Ambitions & Desires – Macbeth
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Ambition and desire in itself are not bad traits, it is only when released from moral constraints that they can wreak havoc. These traits, which have been freed from any sense of morality and principles are explored through Shakespeare’s tragedy, Macbeth. Shakespeare developed Macbeth as a noble character who gives in to the cravings of power and superiority over others, and not only goes on a murdering rampage, but drags his morally corrupt wife with him, ultimately signing away their lives.
Macbeth, after hearing the prophecies the three witches gave him, becomes conflicted within himself, ‘If chance shall have me King, why, chance may crown me, without my stir’. Ultimately, Macbeth chooses ambition over morality, but not without pressure from his wife ‘Are you a man?’ and severe inner turmoil ‘My thought, whose murder yet is but fantastical’. To contrast the devious character of Macbeth, Shakespeare included Banquo, a fellow noblemen and Macbeth’s closest friend, to act as Macbeths foil. He immediately chooses morality over ambition without question and forewarns Macbeth of the Weird Sisters and their ability to twist the truth: ‘instruments of darkness tell us truths, win us with honest trifles, to betray’s in deepest consequence’. Banquo’s undying allegiance to King Duncan demonstrations the difference between Macbeth and Banquo, and how the upkeep of morals keep us in check. After choosing power, Macbeth’s suspicion of Banquo and his role in the prophecy leads to Banquo’s murder.
After killing his friend, Macbeth is plagued with guilt, and hallucinations become recurrent for both Macbeth; ‘our graves must send those we bury back’ and his wife; ‘will these hands ne’er be clean?’ This shows that ambition can lead to immoral acts when overcome by desire. Lady Macbeth plays a key role in Macbeth’s downfall, as she is the driving force that convinces Macbeth that his motives are deemed excusable as long as they meet the end goal. Lady Macbeth is a ruthless woman who believes her husband is a weak man, ‘too full o’ th’ milk of human kindness’ and believes she thinks like a man because of her power hungry thoughts; ‘unsex me here, and fill me, from crown to the toe, top-full of direst cruelty!’ Her lack of morality is shown in frequent outbursts and displays her absence of emotion and evil intent; ‘Have plucked my nipple from his boneless gums, and dashed the brains out’.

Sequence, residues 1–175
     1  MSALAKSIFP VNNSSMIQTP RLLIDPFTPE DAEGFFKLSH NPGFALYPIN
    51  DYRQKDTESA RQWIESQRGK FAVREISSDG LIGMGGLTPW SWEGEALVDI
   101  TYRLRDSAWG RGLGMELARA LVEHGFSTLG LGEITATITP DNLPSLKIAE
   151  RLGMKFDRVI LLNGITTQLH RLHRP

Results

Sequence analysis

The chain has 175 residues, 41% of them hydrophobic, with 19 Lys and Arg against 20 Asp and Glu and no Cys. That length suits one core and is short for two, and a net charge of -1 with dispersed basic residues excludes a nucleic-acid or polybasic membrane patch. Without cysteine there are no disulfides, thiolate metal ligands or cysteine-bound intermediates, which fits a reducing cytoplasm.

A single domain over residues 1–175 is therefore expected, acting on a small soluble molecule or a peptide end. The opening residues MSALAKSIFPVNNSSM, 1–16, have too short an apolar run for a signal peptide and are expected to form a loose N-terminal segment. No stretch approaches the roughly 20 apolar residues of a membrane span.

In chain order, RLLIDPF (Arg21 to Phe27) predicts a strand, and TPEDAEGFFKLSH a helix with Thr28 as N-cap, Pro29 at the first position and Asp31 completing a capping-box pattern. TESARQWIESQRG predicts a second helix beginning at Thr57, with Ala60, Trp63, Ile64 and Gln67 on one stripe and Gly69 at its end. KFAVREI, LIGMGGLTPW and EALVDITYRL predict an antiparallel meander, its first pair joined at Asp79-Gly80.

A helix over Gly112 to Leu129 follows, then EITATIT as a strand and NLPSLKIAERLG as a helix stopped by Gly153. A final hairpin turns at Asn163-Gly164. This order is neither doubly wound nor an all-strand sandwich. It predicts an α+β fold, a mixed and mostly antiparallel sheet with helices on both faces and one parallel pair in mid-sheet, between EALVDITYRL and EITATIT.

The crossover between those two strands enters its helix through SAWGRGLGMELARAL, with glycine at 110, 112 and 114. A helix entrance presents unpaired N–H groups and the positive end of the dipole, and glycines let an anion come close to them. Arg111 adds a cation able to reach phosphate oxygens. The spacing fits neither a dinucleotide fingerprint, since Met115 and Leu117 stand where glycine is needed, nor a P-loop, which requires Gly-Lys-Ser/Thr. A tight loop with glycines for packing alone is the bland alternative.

Macbeth and his wife’s attitudes towards Duncan’s murder are vastly different, and it in them equally different effects. He is conscience of what he has done, and is remorseful ‘will all great Neptune’s ocean wash this blood clean from my hand?’ but Macbeth’s guilt subsides and develops a belief that he is invincible which is further cemented by the witches second set of prophecies. However, Lady Macbeth, who at first mocked he husbands feebleness at the act of killing another person ‘a little water clears us of this deed.’ becomes plagued by hallucinations and sleepwalking. Duncan’s murder is the breaking point for Macbeth, after which he has lost all sense of morals. He becomes more and more confident and morally corrupt and
Under Macbeths rule, Scotland crumbles and families and nobles are fleeing in terror. Macbeth, whose morals have remained unconstrained, has made a dramatic change from the meek and feeble man, whose thought of murder repulsed him, to slaying any man, woman, or child who dares cross him.
Ambition only becomes a bad trait when released from morality and the desire for power consumes everything. Shakespeare explores this and creates an intricate web of lies and deceit between his characters.